The dogs appreciated the ability to hop on and off of the boat and go on nice long bear-concern-free walks. The boat appreciated Kevin’s attention to some projects and I appreciated the real grocery store! Oh, and the ability to get rid of trash. Trash is an issue in the Broughtons as the small marinas do not have the ability to deal with garbage. Pack it in, pack it out. Let me just say, it is amazing how much garbage (and um wine bottle recycling) two people can create. Thanks for taking our garbage (and recycling), Port McNeilI!
On our first full day in Port McNeill, we joined Leo and Mamie for a quick ferry ride to Malcolm Island and the community of Sointula. Sointula is a small town that was settled by Finnish immigrants in the early 1900s. The name means, “place of harmony” (great boat name option!) in reference to the original goal of the community to be a “utopian cooperative.” Being of Finnish descent myself, I was excited to see it! Leo and Mamie brought their awesome speedy electric bikes and Kevin and I brought out our Segway Ninebot electric scooters for an island ride. Our little gang did attract a bit of attention here and there.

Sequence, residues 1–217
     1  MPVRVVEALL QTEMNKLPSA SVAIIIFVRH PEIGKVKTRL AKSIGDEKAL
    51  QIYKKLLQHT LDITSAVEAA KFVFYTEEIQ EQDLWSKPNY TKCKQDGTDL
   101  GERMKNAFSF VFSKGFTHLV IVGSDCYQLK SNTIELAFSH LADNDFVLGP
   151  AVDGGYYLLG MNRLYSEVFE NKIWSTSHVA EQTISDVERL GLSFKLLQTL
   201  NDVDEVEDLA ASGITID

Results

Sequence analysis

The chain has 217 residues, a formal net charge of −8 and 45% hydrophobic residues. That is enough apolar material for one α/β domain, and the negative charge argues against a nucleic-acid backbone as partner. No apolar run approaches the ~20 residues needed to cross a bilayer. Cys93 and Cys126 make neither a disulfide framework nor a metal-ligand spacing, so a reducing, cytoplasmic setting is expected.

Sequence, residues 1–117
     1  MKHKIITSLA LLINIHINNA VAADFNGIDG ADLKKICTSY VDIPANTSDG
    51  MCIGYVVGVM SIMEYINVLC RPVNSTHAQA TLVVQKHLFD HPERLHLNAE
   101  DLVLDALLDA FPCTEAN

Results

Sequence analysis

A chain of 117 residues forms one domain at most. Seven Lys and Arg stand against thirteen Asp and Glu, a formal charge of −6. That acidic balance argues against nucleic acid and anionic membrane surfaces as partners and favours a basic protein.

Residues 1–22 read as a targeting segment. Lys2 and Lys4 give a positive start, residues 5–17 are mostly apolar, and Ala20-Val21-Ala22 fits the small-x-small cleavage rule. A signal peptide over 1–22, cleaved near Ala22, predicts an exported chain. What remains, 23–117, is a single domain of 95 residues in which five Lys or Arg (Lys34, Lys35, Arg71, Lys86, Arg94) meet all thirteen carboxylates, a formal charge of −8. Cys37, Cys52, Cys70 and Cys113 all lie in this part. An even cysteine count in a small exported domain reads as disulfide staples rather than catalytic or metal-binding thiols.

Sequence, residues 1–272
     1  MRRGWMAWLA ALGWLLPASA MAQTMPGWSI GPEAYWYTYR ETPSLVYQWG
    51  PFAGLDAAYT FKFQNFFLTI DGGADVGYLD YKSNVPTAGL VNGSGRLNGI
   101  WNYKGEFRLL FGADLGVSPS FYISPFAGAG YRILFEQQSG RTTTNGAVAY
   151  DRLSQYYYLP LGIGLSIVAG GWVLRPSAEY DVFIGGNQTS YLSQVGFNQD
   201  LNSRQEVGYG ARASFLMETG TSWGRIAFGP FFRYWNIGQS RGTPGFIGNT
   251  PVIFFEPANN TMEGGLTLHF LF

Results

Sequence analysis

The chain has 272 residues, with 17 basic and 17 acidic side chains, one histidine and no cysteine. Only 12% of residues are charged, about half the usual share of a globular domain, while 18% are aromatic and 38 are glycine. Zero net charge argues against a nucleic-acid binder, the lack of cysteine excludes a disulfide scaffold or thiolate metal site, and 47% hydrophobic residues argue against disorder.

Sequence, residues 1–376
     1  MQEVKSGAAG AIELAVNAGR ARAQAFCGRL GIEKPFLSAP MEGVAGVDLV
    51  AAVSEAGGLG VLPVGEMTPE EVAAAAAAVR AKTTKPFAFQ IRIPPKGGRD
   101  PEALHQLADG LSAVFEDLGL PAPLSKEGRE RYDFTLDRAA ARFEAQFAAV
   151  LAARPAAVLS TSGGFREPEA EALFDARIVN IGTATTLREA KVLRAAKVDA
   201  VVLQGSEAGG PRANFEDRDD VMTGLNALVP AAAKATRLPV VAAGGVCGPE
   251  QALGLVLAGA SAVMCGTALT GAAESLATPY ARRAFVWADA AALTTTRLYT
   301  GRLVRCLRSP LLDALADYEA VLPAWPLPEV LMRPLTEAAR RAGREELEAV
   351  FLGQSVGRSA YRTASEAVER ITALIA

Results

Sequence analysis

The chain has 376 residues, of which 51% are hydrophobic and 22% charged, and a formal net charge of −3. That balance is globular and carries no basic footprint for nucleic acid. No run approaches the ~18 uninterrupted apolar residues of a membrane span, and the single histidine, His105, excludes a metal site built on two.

Upon return to Port McNeill we were delighted to find Joe and Lynn from Ocean Suite in residence at the marina! Introductions all around, cocktails and truly outstanding pizza at a restaurant labeled as a steak restaurant followed. Fun for all!
Having spent one of our days in port having fun, we focused on chores the next day. That is, until Brad and Kelly on N60 Morning Dew joined us to bring the Nordhavn count to three! What do you do when the count is three? Taco night on Red Rover of course.